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http://magnezyumbilisim.com A lake is a body of relatively still water of considerable size, localized in a basin, that is surrounded bear names ending with the word pond, and a lesser number of names ending with lake are in quasi-technical fact, ponds. One textbook illustrates this point with the following: “In Newfoundland, for example, almost every lake is called a pond, whereas in Wisconsin, almost every pond is called a lake.”[8]
One hydrology book proposes to define it as a body of water with the following five chacteristics:[4]
it partially or totally fills one or several basins connected by straits[4]
has essentially the same water level in all parts (except for relatively short-lived variations caused by wind, varying ice cover, large inflows, etc.)[4]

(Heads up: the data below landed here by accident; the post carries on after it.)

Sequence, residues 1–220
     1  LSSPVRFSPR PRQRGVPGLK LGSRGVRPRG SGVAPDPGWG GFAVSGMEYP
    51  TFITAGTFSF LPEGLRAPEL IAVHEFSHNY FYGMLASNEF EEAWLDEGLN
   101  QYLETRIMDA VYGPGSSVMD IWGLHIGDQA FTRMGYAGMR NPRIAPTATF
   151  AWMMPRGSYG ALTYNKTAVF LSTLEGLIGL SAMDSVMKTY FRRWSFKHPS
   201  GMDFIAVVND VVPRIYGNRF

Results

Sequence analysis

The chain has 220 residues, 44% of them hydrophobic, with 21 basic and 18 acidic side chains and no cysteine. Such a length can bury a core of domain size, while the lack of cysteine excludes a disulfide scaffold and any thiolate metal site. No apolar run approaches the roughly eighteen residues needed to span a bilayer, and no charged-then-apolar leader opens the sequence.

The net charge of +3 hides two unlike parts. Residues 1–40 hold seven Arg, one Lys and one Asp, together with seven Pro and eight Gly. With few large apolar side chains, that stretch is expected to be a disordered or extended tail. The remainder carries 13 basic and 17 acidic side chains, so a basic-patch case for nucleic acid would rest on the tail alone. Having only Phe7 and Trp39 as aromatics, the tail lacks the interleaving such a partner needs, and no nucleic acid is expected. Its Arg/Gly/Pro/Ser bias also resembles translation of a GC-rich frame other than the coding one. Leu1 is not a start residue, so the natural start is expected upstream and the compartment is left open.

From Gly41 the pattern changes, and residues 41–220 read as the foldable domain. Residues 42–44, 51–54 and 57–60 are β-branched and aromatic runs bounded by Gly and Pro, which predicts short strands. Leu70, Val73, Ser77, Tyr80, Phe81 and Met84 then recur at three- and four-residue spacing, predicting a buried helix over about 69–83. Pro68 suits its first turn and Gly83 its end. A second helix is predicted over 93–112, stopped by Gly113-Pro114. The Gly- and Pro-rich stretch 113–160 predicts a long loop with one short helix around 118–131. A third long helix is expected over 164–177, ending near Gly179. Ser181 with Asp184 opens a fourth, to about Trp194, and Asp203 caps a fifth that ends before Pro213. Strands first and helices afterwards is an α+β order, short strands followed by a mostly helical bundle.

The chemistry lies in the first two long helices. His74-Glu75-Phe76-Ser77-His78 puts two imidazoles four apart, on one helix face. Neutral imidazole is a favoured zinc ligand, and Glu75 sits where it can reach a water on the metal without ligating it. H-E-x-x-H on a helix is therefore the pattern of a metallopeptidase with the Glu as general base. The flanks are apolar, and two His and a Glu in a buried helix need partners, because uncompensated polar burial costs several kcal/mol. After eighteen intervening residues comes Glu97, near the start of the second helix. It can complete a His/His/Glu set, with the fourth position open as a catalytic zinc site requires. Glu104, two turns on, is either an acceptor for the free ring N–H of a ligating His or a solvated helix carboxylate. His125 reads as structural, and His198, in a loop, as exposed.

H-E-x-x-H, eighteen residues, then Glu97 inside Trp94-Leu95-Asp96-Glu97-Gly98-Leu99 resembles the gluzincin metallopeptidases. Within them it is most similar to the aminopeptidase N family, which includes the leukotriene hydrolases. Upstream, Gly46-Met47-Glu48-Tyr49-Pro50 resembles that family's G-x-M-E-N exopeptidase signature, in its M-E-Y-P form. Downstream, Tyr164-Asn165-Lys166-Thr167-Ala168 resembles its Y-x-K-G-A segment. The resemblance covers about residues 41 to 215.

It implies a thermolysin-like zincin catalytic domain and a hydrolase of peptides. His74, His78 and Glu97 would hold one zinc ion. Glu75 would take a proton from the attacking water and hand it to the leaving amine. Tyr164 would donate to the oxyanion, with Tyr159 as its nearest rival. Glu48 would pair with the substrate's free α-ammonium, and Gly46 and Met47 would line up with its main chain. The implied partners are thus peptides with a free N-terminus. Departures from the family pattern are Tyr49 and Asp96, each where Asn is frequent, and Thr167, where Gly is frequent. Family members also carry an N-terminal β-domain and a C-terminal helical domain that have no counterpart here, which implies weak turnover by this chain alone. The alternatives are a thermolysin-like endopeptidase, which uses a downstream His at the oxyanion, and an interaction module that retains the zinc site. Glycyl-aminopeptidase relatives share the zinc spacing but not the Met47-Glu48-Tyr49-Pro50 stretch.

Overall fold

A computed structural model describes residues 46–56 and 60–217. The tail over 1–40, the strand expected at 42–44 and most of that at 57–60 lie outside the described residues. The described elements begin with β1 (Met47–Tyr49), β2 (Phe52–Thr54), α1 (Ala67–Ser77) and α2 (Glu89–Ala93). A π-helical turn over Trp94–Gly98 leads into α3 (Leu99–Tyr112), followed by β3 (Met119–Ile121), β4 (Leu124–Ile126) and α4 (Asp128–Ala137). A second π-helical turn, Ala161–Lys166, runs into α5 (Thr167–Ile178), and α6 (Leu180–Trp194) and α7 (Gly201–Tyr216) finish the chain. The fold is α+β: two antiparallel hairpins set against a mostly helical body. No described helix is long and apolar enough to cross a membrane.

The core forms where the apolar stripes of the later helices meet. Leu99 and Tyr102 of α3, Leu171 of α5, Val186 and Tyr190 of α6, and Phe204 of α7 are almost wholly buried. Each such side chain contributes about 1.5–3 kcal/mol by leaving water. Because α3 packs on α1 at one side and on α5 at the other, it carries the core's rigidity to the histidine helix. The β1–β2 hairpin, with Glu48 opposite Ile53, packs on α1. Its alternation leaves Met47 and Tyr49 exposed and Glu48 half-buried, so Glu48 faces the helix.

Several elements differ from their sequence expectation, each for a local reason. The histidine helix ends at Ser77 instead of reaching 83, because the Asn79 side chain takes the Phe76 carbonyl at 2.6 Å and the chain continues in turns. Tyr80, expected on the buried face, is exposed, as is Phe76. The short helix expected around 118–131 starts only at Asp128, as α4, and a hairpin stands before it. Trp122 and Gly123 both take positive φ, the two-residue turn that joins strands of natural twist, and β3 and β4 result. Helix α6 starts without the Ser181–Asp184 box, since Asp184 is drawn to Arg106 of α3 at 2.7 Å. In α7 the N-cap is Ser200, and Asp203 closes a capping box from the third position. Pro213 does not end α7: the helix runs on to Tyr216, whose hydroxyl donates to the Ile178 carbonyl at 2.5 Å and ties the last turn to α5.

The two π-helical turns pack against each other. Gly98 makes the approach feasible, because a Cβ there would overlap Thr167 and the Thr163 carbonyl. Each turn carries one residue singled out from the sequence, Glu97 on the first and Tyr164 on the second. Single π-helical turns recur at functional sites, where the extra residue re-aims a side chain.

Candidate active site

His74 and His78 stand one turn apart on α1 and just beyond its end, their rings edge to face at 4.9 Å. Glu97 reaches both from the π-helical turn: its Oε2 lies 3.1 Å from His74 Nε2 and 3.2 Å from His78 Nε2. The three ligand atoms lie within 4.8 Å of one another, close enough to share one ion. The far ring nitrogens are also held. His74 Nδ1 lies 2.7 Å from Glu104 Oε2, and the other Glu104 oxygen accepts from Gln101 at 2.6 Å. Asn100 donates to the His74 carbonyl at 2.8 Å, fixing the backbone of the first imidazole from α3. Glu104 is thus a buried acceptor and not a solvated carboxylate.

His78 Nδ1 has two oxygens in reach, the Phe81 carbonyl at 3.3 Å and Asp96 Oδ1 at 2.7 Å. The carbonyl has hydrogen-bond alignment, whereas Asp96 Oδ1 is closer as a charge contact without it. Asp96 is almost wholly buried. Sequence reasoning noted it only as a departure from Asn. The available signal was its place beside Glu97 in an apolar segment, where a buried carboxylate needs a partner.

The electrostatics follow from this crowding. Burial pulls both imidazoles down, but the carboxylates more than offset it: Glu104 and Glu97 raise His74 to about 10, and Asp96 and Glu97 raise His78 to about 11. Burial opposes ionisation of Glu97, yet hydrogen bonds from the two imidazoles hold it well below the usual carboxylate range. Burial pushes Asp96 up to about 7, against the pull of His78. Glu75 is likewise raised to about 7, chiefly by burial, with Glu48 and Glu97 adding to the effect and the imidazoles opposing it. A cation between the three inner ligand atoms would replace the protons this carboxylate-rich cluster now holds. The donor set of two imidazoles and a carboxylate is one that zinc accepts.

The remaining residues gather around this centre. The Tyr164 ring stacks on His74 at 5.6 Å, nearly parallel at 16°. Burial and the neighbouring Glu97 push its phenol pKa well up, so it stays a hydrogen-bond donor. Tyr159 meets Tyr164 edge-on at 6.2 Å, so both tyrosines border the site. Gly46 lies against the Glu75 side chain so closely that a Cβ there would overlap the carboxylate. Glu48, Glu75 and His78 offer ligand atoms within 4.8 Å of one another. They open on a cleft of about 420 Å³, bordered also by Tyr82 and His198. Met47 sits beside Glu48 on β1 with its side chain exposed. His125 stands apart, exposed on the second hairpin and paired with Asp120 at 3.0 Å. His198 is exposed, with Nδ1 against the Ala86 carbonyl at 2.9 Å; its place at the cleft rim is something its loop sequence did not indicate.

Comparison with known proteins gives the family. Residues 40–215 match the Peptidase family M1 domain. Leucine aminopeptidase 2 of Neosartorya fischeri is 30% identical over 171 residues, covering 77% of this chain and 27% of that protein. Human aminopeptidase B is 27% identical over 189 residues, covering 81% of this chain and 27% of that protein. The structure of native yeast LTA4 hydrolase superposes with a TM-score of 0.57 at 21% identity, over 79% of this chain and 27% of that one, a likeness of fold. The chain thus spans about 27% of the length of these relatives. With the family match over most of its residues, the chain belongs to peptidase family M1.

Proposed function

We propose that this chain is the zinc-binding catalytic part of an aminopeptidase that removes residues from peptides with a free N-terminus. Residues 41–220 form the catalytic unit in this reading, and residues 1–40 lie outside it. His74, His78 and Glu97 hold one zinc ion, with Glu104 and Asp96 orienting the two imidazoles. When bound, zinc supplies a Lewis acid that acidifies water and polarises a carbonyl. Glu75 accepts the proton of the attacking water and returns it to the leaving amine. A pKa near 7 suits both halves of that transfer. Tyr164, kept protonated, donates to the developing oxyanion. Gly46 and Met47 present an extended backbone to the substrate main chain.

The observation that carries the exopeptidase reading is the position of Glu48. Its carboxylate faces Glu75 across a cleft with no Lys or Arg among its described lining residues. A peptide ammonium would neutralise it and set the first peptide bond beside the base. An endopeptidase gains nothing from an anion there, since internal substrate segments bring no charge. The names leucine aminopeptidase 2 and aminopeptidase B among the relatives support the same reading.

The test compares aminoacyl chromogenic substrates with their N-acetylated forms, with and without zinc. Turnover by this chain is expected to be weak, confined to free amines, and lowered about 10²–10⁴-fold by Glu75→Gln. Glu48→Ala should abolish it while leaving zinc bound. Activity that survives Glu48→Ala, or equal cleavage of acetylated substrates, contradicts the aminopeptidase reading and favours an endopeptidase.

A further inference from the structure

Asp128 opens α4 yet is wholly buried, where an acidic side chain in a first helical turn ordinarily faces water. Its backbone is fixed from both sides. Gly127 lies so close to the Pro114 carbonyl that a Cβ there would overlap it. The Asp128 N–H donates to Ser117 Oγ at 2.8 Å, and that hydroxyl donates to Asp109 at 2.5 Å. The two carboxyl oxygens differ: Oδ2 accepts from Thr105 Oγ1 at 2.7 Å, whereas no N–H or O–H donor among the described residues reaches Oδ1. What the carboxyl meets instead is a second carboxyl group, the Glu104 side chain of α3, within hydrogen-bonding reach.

it does not have regular intrusion of sea water[4]
a considerable portion of the sediment suspended in the water is captured by the basins (for this to happen they need to have a sufficiently small inflow-to-volume ratio)[4]
the area measured at the mean water level exceeds an arbitrarily chosen threshold (for instance, one hectare)[4]
With the exception of the sea water intrusion criterion, the other ones have been accepted or elaborated upon by other hydrology publications.[9][10]

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